- Once a hard surface is clean, spray with disinfectant
- Focus on sanitizing all frequently touched surfaces in the space (such as doorknobs and light switches), as well as surfaces that may have touched soiled linens (such as flooring). Be sure to sanitize electronics based on the manufacturer’s cleaning directions.
- Let the disinfectant stand for the specified length of time
- The product label will specify the wet contact time needed for the chemicals to effectively sanitize a surface. This allows the chemicals time to kill as many germs as possible.
- Allow to air-dry
- If the surface dries before the wet contact time, there’s no guarantee that the product has killed the pathogens claimed on the label. When possible, allow the surface to air-dry.
- Dispose of and wash your cleaning supplies
- Throw away disposable products such as disinfectant wipes. Wash any cleaning cloths at the highest heat setting appropriate for the material.
- Empty and sanitize the vacuum cleaner after every cleaning
- Be sure to also disinfect any other cleaning tools that were used.
- Safely remove any cleaning gear once you are done cleaning
- Dispose of or wash any protective gear according to their usage guidelines.
- Wash your hands for at least 20 seconds with soap and water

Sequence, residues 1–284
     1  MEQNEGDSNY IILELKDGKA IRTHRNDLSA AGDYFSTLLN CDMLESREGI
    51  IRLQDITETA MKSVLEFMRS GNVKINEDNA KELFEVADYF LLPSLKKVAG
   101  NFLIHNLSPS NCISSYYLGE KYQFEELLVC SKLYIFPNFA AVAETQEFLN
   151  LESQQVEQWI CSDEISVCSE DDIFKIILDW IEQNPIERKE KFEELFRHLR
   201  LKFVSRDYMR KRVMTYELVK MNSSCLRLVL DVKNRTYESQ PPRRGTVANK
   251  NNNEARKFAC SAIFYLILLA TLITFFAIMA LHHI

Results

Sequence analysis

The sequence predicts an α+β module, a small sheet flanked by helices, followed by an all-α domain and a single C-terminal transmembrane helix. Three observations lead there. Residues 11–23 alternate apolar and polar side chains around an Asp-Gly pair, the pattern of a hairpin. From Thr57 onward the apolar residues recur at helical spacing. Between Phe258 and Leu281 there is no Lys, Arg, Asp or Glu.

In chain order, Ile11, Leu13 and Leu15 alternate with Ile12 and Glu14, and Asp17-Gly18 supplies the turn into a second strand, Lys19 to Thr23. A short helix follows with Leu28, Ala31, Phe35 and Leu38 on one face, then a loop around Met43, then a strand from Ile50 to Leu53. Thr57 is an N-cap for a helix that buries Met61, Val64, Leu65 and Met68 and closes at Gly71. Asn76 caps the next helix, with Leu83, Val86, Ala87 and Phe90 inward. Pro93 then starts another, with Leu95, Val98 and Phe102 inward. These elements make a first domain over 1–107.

- If that’s not possible, use a hand sanitizer containing at least 60% alcohol.
- Set out cleaning supplies for your guests
- Empower your guests by setting out guest cleaning supplies they can use, such as disposable paper towels, disposable gloves, disinfectant spray or wipes, hand sanitizer, and extra hand soap.
- Visually assess each room to ensure the stage is set for the next guests
- Imagine yourself as a guest entering your space for the first time.
- Restock your cleaning supplies
- Be sure to take a moment to check expiration dates and refill any supplies that you have used, so you’re ready for the next experience.
- Do not enter a space without the recommended protective equipment and do not reuse soiled gear. Be sure to read all safety labels so you understand how to use cleaning chemicals properly.
- Always keep chemical products out of reach of children.
- Be sure to read all safety labels to ensure you’re using cleaning chemicals properly.
- Do not touch your face while cleaning to help prevent the spread of germs.
Customizing for your space
We understand that some experiences may use particular rooms in a home. For further cleaning guidance on specific rooms in your home that guests may enter, you can learn more here. This cleaning guide includes checklists and further guidance on how best to prepare your space. You may also want to consider limiting guest access to areas of your space to reduce possible transmission.
For up-to-date guidelines on COVID-19 related cleaning standards, visit the CDC website. In addition, make sure you also review and follow any additional cleaning guidance from government or health authorities in your local jurisdiction.